The eurozone had avoided returning to recession since the financial crisis following the collapse of U.S. investment bank Lehman Brothers, mainly thanks to the strength of its largest single economy, Germany.
But even that country is now struggling as exports drain in light of the economic problems afflicting large chunks of the eurozone.
Germany's economy grew 0.2 percent in the third quarter, down from a 0.3 percent increase in the previous quarter. Over the past year, Germany's annual growth rate has more than halved to 0.9 percent from 1.9 percent.
Germany's Chancellor, Angela Merkel, tried to strike a positive note when she spoke to reporters in Berlin Thursday.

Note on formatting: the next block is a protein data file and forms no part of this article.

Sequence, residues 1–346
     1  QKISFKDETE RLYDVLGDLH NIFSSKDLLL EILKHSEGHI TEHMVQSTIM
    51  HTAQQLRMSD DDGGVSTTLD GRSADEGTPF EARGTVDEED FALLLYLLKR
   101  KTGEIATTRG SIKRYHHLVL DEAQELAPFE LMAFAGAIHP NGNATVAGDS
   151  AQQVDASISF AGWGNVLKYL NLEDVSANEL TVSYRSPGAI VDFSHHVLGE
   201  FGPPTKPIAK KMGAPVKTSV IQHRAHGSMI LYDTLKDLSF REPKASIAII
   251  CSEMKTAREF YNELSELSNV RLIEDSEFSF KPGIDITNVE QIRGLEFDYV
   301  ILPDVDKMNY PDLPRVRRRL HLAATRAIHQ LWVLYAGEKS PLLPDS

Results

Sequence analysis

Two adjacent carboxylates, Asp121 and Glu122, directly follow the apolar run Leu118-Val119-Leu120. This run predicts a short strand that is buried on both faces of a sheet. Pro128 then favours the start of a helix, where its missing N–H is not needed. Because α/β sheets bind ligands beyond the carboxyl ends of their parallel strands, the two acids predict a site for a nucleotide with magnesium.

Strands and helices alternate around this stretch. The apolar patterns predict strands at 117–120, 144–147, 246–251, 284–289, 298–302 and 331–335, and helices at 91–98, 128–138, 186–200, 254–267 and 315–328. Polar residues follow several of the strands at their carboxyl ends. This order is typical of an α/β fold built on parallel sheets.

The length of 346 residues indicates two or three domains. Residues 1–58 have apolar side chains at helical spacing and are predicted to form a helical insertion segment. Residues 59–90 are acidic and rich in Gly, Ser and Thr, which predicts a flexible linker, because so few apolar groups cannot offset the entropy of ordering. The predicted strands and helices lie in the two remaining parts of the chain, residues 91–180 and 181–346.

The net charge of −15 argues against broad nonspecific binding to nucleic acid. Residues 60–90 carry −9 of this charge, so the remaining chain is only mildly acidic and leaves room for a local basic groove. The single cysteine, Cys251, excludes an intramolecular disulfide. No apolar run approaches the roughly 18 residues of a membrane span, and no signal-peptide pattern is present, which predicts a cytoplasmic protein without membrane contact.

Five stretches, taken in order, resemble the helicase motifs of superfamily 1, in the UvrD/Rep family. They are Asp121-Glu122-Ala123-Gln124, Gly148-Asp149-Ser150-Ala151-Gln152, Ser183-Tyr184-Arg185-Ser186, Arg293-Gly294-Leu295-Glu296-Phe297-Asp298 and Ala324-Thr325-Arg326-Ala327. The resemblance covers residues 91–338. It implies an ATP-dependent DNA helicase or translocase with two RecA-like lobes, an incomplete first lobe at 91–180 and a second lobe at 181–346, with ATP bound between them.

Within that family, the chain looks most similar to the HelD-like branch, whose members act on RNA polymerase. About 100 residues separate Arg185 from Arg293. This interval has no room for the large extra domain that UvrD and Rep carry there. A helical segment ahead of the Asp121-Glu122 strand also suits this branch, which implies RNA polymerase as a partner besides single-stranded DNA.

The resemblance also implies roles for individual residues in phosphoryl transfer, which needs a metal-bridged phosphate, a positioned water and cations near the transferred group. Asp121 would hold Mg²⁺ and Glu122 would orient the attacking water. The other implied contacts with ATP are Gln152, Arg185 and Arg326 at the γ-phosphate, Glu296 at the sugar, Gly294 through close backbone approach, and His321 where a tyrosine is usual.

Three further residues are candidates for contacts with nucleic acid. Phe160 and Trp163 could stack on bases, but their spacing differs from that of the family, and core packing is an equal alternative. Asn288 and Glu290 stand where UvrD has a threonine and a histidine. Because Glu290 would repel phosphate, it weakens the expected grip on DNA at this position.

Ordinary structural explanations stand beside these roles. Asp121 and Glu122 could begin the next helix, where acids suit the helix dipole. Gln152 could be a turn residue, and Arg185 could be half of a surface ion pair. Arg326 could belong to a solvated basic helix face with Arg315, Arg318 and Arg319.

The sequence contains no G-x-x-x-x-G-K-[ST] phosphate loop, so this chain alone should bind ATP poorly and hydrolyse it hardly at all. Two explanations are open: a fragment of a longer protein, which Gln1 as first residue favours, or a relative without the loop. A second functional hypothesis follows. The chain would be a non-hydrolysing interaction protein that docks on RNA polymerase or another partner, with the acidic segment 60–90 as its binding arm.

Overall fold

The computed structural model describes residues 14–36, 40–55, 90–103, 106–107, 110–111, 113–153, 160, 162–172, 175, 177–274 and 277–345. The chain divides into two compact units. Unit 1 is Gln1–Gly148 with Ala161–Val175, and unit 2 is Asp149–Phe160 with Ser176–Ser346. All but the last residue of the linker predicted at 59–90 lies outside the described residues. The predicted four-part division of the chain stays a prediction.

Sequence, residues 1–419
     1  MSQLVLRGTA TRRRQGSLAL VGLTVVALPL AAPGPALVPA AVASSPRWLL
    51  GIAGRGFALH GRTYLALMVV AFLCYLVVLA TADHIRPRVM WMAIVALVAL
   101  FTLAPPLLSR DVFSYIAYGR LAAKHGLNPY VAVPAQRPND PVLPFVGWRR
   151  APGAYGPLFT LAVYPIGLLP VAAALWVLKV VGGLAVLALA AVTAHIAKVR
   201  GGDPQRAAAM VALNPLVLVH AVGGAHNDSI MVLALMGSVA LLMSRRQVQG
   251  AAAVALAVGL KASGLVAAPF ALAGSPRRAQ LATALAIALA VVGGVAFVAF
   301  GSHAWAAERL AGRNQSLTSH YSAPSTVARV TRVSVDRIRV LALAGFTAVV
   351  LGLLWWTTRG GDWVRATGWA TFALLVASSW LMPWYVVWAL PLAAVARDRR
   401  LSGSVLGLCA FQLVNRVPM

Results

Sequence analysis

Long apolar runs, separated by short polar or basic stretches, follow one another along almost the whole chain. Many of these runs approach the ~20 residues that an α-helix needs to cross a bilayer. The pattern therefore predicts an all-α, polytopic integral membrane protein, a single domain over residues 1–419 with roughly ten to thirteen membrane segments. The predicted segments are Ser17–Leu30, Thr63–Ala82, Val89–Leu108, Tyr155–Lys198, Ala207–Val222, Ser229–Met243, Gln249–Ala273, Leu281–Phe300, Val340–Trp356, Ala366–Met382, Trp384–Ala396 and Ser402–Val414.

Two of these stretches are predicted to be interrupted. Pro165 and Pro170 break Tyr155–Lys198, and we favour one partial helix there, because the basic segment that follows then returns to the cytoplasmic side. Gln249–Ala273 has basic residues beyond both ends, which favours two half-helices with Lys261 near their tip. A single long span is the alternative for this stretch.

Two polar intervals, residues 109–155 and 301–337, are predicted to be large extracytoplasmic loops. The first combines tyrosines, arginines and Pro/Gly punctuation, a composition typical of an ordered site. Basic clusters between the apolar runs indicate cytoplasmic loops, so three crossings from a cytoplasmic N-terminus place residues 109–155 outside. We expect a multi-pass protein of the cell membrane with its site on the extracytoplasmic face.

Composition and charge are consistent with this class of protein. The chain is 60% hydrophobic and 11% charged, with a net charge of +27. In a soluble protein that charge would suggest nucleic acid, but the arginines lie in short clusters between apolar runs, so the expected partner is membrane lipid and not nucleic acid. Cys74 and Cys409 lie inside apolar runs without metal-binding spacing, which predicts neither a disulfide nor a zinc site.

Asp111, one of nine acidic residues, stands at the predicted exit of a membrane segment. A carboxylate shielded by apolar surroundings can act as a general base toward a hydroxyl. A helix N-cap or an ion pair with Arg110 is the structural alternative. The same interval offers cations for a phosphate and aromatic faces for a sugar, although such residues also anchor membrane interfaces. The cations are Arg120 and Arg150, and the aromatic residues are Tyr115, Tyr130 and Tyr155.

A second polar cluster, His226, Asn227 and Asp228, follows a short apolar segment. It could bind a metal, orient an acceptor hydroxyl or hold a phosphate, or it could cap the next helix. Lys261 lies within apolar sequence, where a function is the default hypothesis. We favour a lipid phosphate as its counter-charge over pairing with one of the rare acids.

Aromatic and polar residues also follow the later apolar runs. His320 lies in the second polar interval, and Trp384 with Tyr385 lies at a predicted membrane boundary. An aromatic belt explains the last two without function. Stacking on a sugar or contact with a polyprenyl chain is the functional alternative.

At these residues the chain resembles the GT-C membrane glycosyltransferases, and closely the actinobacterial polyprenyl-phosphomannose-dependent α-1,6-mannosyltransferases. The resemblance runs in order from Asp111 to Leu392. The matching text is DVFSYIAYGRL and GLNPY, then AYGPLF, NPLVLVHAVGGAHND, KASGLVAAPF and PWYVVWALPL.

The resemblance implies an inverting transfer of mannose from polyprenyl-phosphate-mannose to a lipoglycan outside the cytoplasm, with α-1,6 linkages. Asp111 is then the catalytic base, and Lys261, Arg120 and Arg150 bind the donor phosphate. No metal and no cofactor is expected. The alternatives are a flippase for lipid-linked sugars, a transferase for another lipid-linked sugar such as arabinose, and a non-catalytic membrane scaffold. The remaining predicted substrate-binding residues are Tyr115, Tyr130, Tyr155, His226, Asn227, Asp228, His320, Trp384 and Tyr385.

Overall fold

"I think we all are working on getting back on our feet again rapidly," she said.
"We see that economic growth is slowing, that overall we have a small drop in the eurozone but I'm also very optimistic that if we do our political homework ... we will again have growth after this small decline."
Perhaps the most dramatic decline among the eurozone's members was seen in the Netherlands, which has imposed strict austerity measures. Its economy shrank 1.1 percent on the previous quarter.
Five eurozone countries are in recession â¿¿ Greece, Spain, Italy, Portugal and Cyprus. Those five are also at the center of Europe's debt crisis and are imposing austerity measures, such as cuts to wages and pensions and increases to taxes, in an attempt to stay afloat.
As well as hitting workers' incomes and living standards, these measures have also led to a decline in economic output and a sharp increase in unemployment.
Spain and Greece have unemployment rates of over 25 percent. Their young people are faring even worse with every other person out of work. As well as being a cost to governments who have to pay out more for benefits, it carries a huge social and human cost.